In 2011, the NPS reported a total of 279 million recreational visits to the service’s 367 park units nationwide (NPS 2012). The NPS system is administered as seven regions (Fig. 1). This article presents a first effort at estimating total annual willingness to pay (WTP) associated with recreational visitation to the U.S. National Park System. Although the NPS has been sponsoring systematic park visitor surveys through the Visitor Services Project (VSP) at the University of Idaho for 30 years, these surveys have generally focused on visitor satisfaction, activities, and opinions, and not on the issue of valuation of park visitor WTP. This analysis utilizes that large store of visitor survey data, which has never been comprehensively used to estimate park visitor WTP. This article represents a major extension of the work by Heberling and Templeton (2009), who were the first to demonstrate the feasibility of using VSP data to estimate WTP in their application to Great Sand Dunes National Park and Preserve. This study also, in some respects, parallels the recent work of Bowker and others (2009) on National Forests, by Martínez-Espiñeira and Amoako-Tuffour (2008) on a Canadian national park, and earlier work by Loomis (2005). The analysis here uses park-level WTP estimates within a meta-regression analysis model framework to facilitate the prediction of average and total WTP for all park units within the NPS system.
https://static-content.springer.com/image/art%3A10.1007%2Fs00267-013-0080-2/MediaObjects/267_2013_80_Fig1_HTML.gif
Fig. 1

National park system regional map (Source: NPS.gov)

The contributions of this article are to (1) provide new estimates of park visitor WTP based on visitor data from park surveys previously collected by the NPS for different purposes; (2) estimate a set of park-level WTP estimates for a diverse set of NPS units that are all based on consistent survey protocols, question design, and estimation methodology; (3) estimate a meta-regression model of park visitor WTP that is largely free of challenges which commonly complicate meta-regression models, including study heterogeneity (Smith and Kaoru 1990; Christensen 2003), heteroskedasticity of estimate variances (Nelson and Kennedy 2008; Stapler and Johnston 2009), and some aspects of non-independence of multiple observations from primary studies (Stanley and Jarrell 1989); and (4) derive the first system-wide estimate of total annual WTP for recreational visitation to the NPS system directly and solely estimated from NPS visitor data.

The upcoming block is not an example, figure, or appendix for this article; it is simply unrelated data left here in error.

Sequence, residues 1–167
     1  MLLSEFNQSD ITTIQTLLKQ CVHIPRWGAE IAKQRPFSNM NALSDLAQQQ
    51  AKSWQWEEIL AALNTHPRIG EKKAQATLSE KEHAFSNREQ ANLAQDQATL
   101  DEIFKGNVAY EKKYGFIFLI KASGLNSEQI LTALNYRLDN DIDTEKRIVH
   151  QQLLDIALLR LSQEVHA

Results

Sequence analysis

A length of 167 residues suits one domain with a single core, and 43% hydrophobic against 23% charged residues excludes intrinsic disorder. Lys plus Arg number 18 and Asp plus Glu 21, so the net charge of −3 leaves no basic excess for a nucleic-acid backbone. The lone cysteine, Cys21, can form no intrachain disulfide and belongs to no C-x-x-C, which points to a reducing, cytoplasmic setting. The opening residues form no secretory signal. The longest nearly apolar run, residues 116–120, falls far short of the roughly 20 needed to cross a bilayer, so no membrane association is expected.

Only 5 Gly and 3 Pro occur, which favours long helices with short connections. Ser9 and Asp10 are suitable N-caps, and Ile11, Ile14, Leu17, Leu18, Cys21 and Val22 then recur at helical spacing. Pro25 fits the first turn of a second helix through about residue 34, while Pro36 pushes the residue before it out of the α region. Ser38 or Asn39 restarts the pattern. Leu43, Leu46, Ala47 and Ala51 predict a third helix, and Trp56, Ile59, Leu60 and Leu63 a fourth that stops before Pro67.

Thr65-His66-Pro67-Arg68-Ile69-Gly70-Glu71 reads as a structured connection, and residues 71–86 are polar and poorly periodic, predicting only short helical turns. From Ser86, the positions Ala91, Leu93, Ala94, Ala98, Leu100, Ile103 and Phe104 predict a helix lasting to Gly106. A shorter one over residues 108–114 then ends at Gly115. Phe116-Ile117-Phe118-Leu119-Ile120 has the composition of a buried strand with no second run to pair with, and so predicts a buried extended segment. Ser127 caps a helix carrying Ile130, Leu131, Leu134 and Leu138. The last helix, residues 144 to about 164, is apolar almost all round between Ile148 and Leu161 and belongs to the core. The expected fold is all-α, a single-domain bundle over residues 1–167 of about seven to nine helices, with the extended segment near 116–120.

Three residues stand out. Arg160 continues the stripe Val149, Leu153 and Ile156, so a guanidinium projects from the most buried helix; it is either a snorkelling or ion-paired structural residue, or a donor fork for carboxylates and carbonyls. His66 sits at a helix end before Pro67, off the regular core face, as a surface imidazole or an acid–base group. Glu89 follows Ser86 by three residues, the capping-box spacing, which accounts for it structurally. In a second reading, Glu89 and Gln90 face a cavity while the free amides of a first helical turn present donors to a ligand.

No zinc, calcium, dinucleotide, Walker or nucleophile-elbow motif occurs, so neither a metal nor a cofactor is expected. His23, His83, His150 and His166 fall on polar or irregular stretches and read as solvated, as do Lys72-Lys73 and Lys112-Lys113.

The meta-regression analysis model employed is intended to be a tool for use in benefit transfer of park visitor WTP to the majority of NPS park units lacking visitor survey data. The motivation for estimation of system-wide NPS WTP values is that regulatory and land management agencies are often required to assess the full economic benefits and costs of management and policy decisions. Given time and resource constraints, it is not feasible to conduct original research for every regulatory issue that arises.